Pentagon Press Secretary Rear Adm. John Kirby provided the following readout on Secretary chuck Hagel’s call to ROK Defense Minister Kim Jin on Febuary 5, 2014:
“Secretary of Defense Chuck Hagel spoke by phone this evening with Republic of Korea Minister of National Defense Kim Kwan Jin to discuss the security situation on the Korean Peninsula, the United States’ unwavering commitment to the U.S.-ROK alliance, and the importance of regional cooperation to reinforce deterrence against North Korean threats.
Secretary Hagel and Minister Kim reaffirmed the strength of the alliance and agreed that close consultation and coordination are pivotal in promoting alliance unity and readiness in all areas.
The secretary highlighted the steadfast U.S. commitment to the defense of South Korea, including extended deterrence capabilities, and expressed his gratitude for the shared investment the United States and Republic of Korea make toward the combined defense” (source: Congressional Recordhttp://www.defense.gov/Releases/Release.aspx?ReleaseID=16525).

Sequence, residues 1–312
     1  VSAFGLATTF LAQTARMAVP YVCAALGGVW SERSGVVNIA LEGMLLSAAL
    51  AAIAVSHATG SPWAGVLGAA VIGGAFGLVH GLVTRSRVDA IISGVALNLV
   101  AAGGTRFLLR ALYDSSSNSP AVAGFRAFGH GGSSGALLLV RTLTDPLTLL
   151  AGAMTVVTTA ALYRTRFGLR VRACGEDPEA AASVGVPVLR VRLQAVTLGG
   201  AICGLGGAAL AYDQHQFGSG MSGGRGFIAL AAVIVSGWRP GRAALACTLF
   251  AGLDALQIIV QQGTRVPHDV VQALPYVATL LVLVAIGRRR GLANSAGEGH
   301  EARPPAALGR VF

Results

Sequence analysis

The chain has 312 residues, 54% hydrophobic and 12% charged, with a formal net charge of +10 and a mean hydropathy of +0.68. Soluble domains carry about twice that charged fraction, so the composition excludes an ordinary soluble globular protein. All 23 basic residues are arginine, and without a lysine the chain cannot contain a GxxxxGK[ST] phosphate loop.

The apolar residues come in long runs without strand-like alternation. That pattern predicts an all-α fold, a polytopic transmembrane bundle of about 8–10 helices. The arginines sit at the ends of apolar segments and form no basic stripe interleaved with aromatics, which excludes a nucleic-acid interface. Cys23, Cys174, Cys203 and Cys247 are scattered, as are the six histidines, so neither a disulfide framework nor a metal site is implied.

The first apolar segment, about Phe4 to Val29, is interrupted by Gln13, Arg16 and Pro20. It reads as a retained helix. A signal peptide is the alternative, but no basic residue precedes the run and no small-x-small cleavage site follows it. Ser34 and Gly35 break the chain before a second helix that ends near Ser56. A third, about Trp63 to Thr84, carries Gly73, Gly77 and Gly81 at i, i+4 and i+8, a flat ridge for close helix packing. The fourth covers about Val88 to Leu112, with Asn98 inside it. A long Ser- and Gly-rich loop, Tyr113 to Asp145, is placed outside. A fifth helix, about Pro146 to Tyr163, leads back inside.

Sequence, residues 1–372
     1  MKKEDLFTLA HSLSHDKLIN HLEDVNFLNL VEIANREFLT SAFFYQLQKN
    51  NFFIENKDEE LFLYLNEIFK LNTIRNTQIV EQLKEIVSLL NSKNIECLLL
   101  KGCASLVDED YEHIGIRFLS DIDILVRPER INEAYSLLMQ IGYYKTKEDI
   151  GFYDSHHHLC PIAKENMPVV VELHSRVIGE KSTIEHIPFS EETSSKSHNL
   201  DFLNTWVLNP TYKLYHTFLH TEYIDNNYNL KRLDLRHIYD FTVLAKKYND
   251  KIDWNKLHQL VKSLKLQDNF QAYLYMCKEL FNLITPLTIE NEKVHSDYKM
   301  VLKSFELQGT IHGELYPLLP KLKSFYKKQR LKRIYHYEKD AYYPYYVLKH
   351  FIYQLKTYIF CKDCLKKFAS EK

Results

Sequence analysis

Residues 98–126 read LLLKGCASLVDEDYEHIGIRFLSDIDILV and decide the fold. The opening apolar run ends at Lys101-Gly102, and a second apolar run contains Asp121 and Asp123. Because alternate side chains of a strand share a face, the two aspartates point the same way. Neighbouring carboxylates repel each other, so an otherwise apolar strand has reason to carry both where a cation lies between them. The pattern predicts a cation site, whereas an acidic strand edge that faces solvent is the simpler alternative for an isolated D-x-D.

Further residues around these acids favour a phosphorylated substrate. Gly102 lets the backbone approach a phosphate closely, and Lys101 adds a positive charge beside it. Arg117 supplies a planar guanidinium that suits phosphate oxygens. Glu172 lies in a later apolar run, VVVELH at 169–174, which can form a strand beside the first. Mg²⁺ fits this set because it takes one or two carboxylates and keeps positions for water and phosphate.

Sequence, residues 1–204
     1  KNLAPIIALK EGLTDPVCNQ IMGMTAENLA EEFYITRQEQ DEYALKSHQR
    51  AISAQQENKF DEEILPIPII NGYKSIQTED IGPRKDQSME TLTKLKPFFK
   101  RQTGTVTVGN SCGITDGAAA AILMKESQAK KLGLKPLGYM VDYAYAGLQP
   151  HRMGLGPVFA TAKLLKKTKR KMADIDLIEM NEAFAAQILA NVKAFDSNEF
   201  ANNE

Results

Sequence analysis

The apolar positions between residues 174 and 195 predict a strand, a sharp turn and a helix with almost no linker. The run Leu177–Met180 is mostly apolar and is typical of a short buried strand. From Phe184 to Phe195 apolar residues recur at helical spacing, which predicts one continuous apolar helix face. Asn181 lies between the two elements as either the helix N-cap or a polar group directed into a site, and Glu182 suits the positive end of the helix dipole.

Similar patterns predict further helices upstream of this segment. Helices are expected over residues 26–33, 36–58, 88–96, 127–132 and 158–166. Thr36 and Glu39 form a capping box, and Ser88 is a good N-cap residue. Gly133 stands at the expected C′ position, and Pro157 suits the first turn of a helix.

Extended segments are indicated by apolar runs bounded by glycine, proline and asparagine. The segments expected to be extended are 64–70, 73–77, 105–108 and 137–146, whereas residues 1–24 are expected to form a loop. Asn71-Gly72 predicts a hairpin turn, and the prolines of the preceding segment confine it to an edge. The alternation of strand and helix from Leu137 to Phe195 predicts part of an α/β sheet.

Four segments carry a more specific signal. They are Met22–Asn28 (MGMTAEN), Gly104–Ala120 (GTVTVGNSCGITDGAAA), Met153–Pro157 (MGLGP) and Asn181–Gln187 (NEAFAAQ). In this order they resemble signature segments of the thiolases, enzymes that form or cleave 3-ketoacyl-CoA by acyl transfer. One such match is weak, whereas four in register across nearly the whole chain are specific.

According to Human rights advocates the human rights record of South Korea leaves much to be desired.
According to reports thee National Security Law in South Korea makes it a crime to express sympathies with North Korea, and though it is not consistently enforced, there are over 100 people imprisoned under it annually.
Furthermore the law is used arbitrarily to curtail the right to freedom of expression and association, providing long sentences or the death penalty for loosely defined ‘anti-state’ activities.
Military service is mandatory for nearly all South Korean men.
According to Amnesty International, there were 758 conscientious objectors (mostly Jehovah’s Witnesses) detained for refusing to perform their military service as of June 2004. That practice of detainment and imprisonment for conscientious objectors to the military continues to this day…